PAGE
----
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Copenhagen’s Free Town – Christiania

It’s been a long and cold week here in Copenhagen, reporting from my first-ever European Poker Tour. I have to say I’m exhausted and slightly pleased to be leaving tomorrow, but what a beautiful city this is. I’ve been lucky enough to enjoy this view from my hotel window every morning.

The view from my window

The view from my window at Radisson Blu Hotel, Copenhagen

I had one day of sightseeing through the city, which was fantastic, despite not being able to feel my toes. After my four-hour skim of the city, I concluded that Nyhavn was my favourite spot – a quaint strip of colourful townhouses, pubs and restaurants along the river bank, although I’d imagine it would be even more stunning in the summer when the sun is shining over the flowing river and the riverbank is bustling with life.

Nyhavn, Copenhagen

Nyhavn, Copenhagen

My most interesting experience was on Friday night when I went to Freetown Christiania.  It’s a hippy town, of only 850 freedom-living residents, within the city of Copenhagen, which basically holds it’s own set of laws. I’d been fascinated by what I’d heard about it, so off we went on a Friday night after work. I was hesitant visiting after dark, and while I did feel uneasy on the streets, we had a great night inside a cosy little bar.

Walking down Pusher Street, which is the main drag of exactly that – marijuana pushers, was eerie. There was quite a few ‘hash stands’, and the graffiti-filled corners stood hooded men hovering over fire barrels. It was a bizarre, and slightly frightening experience. I felt like I had stepped onto the set of a war movie.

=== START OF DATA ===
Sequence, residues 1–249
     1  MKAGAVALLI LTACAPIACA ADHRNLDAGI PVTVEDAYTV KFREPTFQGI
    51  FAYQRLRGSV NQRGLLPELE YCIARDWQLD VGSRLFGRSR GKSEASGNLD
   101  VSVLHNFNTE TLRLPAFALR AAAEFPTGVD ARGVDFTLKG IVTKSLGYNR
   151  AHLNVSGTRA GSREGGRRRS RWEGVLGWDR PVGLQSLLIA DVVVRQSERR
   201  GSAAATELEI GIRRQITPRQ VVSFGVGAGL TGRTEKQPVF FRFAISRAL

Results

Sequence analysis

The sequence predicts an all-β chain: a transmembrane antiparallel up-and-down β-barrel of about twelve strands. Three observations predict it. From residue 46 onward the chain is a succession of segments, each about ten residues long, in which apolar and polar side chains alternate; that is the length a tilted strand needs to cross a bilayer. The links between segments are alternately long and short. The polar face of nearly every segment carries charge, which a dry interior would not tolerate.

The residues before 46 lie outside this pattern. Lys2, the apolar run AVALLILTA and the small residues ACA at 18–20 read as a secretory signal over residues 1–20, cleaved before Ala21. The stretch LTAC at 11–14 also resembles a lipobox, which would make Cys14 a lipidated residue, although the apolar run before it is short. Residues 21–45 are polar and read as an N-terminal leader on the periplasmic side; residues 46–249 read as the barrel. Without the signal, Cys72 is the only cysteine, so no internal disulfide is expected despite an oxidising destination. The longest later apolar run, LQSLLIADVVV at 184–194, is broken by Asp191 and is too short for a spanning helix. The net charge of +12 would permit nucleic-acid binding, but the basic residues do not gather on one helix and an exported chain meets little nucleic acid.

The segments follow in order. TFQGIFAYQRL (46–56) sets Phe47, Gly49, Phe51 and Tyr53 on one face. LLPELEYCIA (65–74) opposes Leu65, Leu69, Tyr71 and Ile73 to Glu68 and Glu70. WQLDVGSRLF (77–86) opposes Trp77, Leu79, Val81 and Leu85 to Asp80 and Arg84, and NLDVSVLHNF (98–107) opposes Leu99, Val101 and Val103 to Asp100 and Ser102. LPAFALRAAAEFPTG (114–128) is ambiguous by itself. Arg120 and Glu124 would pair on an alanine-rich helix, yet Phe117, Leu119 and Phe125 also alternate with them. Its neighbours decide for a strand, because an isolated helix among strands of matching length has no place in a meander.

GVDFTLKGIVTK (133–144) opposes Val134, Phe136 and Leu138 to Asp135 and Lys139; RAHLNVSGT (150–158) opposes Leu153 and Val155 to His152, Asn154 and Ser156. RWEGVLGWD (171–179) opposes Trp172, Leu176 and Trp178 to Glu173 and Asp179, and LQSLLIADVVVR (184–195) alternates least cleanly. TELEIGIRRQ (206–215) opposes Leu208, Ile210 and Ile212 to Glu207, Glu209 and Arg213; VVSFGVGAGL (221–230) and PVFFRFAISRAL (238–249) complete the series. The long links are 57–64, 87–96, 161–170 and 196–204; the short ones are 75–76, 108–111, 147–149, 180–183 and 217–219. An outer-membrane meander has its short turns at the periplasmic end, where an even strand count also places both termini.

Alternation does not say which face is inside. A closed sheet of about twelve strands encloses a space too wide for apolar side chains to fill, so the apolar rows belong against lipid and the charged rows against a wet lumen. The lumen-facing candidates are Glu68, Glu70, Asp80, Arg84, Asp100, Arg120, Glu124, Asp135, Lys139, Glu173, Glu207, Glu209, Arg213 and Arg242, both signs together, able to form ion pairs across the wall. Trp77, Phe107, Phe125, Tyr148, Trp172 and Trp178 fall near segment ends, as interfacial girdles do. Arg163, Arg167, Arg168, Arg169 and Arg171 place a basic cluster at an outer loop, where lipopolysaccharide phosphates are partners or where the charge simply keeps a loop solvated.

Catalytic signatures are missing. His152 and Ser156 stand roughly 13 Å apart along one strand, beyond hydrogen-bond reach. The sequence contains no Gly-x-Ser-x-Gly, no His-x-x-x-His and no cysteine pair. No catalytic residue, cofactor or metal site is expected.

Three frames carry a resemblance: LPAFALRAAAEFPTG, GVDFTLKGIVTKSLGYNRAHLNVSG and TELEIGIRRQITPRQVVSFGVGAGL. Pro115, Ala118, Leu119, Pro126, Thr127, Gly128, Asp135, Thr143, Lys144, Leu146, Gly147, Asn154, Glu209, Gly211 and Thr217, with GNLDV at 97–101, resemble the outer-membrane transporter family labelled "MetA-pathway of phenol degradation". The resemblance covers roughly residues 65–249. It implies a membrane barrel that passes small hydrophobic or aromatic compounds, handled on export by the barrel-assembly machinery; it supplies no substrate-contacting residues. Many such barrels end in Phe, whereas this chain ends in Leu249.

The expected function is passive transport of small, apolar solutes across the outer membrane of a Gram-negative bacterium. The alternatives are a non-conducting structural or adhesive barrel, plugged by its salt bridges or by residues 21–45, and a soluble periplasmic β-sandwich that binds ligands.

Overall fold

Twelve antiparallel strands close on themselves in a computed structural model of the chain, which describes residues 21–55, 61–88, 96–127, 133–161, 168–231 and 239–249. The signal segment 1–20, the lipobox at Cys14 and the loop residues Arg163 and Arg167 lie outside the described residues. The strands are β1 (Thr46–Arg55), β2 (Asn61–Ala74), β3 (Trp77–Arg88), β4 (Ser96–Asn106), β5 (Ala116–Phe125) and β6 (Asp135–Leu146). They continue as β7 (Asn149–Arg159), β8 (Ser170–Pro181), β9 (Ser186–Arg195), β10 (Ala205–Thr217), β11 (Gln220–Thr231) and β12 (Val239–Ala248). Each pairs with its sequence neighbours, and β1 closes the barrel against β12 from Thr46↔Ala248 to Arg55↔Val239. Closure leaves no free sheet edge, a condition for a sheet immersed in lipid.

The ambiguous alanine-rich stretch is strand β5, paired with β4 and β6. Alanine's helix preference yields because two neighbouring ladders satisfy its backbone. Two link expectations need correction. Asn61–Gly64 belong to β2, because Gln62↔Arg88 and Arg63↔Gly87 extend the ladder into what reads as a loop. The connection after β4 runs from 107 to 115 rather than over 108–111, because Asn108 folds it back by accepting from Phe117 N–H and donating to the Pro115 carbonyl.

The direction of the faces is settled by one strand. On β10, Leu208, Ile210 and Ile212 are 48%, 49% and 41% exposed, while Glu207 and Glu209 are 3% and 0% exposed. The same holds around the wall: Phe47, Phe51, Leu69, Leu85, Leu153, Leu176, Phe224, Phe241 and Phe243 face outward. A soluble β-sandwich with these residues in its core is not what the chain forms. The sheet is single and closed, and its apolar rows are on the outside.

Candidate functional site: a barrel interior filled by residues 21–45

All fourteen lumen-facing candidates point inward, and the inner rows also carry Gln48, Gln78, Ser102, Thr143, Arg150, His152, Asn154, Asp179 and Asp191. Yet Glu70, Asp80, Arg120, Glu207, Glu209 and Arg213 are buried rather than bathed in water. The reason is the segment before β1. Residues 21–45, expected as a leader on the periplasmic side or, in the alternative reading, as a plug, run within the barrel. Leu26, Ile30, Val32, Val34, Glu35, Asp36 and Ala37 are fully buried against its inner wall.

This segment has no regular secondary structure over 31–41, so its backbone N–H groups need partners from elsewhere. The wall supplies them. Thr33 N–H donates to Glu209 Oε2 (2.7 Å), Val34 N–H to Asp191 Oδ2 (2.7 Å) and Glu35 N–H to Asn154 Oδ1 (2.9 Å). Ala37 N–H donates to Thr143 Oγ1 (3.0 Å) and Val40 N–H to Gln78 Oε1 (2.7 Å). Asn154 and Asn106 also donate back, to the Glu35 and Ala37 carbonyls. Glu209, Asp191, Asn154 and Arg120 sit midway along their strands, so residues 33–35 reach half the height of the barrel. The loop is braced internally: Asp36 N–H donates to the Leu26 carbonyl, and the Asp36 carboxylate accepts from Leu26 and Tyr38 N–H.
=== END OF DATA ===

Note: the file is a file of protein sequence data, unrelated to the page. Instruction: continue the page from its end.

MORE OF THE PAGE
Almost everywhere you look, there are signs demanding that no photos be taken, so I obliged. This was not the type of place I wanted to get on anyone’s bad side, so the pictures you see are thanks to Wikipedia.

Freetown Christiania (photo from Wikipedia)

Freetown Christiania (photo from Wikipedia)

At one point I saw some market stalls and got excited thinking I could pick up some quirky jewellery, but no… I quickly learned they were selling nothing more than the not-so-elusive weed, of which sales seem to keep the town “alive” with tourism. I was hoping that I would leave with some creative, hippy souvenirs at the very least, but unfortunately we found nothing more than marijuana and a whole lot of stoned of people in a place that seemed so depressed. Perhaps it was just this one particular night, as this town is said to have the reputation of having “the happiest people in the world”, but I certainly wasn’t getting that vibe. Being a Friday, it’s possible that most of the people I saw were tourists all ‘hashed up’, anyhow.

As we were leaving, we saw a few policemen patrolling the streets (wearing riot gear), so they do have a presence. We also noticed that the ‘hash stands’ had conveniently closed up as the police were patrolling.

I have no doubt that my experience during the day would have been completely different, giving me a chance to check out the quirky architecture and meet some intriguing people, although I’m really glad that I got to see it at night and to have enjoyed our night in the bar over a couple of beers while listening to a Danish musician strum away at his guitar. I heard that some locals provide tours for visitors – that would have been amazing. If I ever return to Denmark again, I will definitely visit during the day.

LG x

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